Here are some of the latest health and medical news developments, compiled by the editors of HealthDay:
FDA Considers Expanded Approval for Artificial Heart Valve
There are some safety questions as the U.S. Food and Drug Administration considers whether to approve expanded use of the first artificial heart valve designed to be implanted without major surgery.
The heart valve, made by Edwards Lifesciences, can be threaded into place through one of the body's major arteries. The device received FDA approval last summer for use in patients who aren't healthy enough to undergo open-heart surgery, the Associated Press reported.
The FDA is currently considering whether to also approval the heart valve's use in patients who are healthier, but still face risks from open-heart surgery.
In a review released in advance of a meeting to discuss the matter, FDA officials said outcomes among heart valve patients were similar to those who had surgery. However, heart valve patients had higher stroke rates, the AP reported.
Freezer Problem Damages Autism Brain Samples
A freezer malfunction has damaged about one-third of the world's largest collection of autism brain samples.
The Boston Globe said the incident in late May occurred at Harvard-affiliated McLean Hospital in Massachusetts and caused 150 thawed brains to turn dark from decay, including about 50 that were part of a collection of autism brains owned by the research and advocacy group Autism Speaks, USA Today reported.
One expert told the Boston Globe that the incident could slow autism research by a decade as the collection is restored.
"This was a priceless collection,'' Dr. Francine Benes, director of the Harvard Brain Tissue Resource Center where the material is stored, told the newspaper, USA Today reported. "You can't express its value in dollar amounts."
Cancer Added to WTC Health Assistance Program
Fifty types of cancer should be included in a program to help people with health problems linked to toxic dust from the collapse of the World Trader Center on 9/11, the U.S. National Institute for Occupational Safety and Health said Friday.
In an administrative filing, the agency said the 50 types of cancer would cover 14 broad categories of the disease. People with any of the cancers on the list could quality for treatments and payments if they and their doctors can make a convincing case that the disease was connected to the WTC dust, the Associated Press reported.
Until now, the $4.3 billion 9/11 health program has only assisted people with less serious health problems, such as asthma, chronic sinus irritation and acid reflux disease.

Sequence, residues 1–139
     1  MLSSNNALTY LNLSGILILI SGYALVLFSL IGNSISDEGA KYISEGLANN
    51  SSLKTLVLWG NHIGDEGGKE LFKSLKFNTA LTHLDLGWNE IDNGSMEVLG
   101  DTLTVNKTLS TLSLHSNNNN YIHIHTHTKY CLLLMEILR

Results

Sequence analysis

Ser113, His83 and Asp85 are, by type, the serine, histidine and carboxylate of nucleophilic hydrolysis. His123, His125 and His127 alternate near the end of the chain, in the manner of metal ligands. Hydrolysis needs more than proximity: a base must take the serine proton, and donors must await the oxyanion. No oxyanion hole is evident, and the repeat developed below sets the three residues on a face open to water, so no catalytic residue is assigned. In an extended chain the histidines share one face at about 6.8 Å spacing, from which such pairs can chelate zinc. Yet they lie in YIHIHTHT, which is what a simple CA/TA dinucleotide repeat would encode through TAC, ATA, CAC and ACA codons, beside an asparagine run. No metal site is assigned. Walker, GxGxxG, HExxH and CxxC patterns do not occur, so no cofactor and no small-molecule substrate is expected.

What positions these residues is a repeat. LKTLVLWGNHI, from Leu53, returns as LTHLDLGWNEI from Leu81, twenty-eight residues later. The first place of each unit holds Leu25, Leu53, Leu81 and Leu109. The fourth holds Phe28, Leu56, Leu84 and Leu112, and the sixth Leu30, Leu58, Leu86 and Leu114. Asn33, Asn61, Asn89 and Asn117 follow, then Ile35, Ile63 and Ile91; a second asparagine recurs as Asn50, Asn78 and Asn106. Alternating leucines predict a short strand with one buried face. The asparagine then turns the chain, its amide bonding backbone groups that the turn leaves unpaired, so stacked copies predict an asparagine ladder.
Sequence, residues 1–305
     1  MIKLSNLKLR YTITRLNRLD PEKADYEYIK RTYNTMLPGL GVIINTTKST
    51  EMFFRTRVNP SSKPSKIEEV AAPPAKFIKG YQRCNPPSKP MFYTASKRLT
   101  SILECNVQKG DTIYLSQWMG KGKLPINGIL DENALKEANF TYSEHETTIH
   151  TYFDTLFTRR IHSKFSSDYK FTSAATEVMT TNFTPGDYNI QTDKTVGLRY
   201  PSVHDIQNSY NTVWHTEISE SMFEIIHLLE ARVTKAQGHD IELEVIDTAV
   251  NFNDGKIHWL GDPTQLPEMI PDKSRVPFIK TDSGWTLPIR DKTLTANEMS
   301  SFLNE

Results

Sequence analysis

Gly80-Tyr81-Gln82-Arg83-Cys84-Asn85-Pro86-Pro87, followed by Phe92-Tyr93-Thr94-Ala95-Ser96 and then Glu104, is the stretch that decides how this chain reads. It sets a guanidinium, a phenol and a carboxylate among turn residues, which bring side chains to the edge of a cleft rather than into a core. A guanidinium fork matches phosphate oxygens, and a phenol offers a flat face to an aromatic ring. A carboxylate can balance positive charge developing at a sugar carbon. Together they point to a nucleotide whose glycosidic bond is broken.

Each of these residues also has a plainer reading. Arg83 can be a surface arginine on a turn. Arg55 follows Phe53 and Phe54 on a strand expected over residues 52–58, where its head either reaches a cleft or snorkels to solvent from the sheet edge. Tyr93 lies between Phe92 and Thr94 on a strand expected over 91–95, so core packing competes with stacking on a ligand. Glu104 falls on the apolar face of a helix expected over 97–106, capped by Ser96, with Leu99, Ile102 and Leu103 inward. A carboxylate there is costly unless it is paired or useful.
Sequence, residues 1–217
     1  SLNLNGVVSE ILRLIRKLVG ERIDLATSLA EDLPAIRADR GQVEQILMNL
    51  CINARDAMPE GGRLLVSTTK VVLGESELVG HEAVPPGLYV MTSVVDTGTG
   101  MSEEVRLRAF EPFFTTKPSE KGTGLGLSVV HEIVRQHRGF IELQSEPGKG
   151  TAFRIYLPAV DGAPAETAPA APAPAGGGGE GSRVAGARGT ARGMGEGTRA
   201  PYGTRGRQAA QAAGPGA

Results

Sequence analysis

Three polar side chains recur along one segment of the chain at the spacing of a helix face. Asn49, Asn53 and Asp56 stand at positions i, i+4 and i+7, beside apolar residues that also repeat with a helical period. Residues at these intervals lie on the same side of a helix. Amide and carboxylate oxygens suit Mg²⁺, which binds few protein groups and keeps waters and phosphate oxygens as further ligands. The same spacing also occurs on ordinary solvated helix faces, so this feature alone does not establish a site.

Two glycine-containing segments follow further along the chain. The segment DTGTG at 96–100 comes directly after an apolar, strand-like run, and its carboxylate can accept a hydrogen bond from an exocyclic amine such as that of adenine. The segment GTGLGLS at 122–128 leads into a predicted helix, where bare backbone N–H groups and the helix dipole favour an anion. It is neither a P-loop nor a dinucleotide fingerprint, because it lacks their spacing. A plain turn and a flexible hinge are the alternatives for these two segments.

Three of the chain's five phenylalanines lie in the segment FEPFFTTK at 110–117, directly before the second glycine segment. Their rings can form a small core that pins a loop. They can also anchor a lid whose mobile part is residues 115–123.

NIOSH oversees the program and decided to include cancer in response to a recommendation from an advisory committee consisting of doctors, community advocates and union officials, the AP reported.
Insurer Would Keep Some Parts of Health Law
Even if the federal health care law is declared unconstitutional by the U.S. Supreme Court, UnitedHealth Group says it plans to continue offering some of the popular consumer protections required by the law.
The company, one of the nation's largest health insurers, would continue to cover adult children up to age 26 on their parents' policies, offer coverage without lifetime limits, and not charge patient co-payments on preventive services such as immunizations or diabetes screening, The New York Times reported.
UnitedHealth did not outline it plans regarding major requirements of the law that would take effect in 2014, such as not being able to deny coverage to people with pre-existing conditions or not making those in poor health pay higher premiums.
The Supreme Court's could make a decision about the constitutionality of the federal health care law later this month. It's unclear if other insurers would follow UnitedHealth's move, but would likely feel some pressure to do so, according to The Times.
'Cheech & Chong's Tommy Chong has Prostate Cancer
Comedian Tommy Chong has prostate cancer and treats it with hemp oil.
The 74-year-old member of the "Cheech and Chong" comedy duo told CNN that he first noticed symptoms about eight years ago while in prison for selling drug paraphernalia and was diagnosed about a month ago.
Chong, who revealed his condition during an interview about his support for decriminalizing marijuana use and sales, said his cancer is "a slow stage one (that I've) had for a long time."
He told CNN that he ingests the hemp oil "at night, so I won't be woozy all day." Chong said he quit smoking marijuana about a year ago for "health reasons."
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